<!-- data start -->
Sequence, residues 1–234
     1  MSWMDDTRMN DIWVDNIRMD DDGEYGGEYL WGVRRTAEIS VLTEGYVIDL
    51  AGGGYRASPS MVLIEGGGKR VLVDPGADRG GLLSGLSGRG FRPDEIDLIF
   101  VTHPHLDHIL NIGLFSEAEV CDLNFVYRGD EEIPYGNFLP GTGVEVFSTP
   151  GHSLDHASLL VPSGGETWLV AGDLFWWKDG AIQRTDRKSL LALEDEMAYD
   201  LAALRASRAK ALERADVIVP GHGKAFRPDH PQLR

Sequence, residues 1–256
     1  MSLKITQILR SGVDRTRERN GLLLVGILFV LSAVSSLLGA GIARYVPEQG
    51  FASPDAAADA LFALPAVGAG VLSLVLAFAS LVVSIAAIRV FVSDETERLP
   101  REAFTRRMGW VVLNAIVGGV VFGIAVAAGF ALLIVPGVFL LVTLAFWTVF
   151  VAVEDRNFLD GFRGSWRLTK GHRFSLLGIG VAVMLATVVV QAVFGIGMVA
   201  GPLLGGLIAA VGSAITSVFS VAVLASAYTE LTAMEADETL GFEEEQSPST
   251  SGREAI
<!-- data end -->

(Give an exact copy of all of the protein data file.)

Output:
Sequence, residues 1–234
     1  MSWMDDTRMN DIWVDNIRMD DDGEYGGEYL WGVRRTAEIS VLTEGYVIDL
    51  AGGGYRASPS MVLIEGGGKR VLVDPGADRG GLLSGLSGRG FRPDEIDLIF
   101  VTHPHLDHIL NIGLFSEAEV CDLNFVYRGD EEIPYGNFLP GTGVEVFSTP
   151  GHSLDHASLL VPSGGETWLV AGDLFWWKDG AIQRTDRKSL LALEDEMAYD
   201  LAALRASRAK ALERADVIVP GHGKAFRPDH PQLR

Sequence, residues 1–256
     1  MSLKITQILR SGVDRTRERN GLLLVGILFV LSAVSSLLGA GIARYVPEQG
    51  FASPDAAADA LFALPAVGAG VLSLVLAFAS LVVSIAAIRV FVSDETERLP
   101  REAFTRRMGW VVLNAIVGGV VFGIAVAAGF ALLIVPGVFL LVTLAFWTVF
   151  VAVEDRNFLD GFRGSWRLTK GHRFSLLGIG VAVMLATVVV QAVFGIGMVA
   201  GPLLGGLIAA VGSAITSVFS VAVLASAYTE LTAMEADETL GFEEEQSPST
   251  SGREAI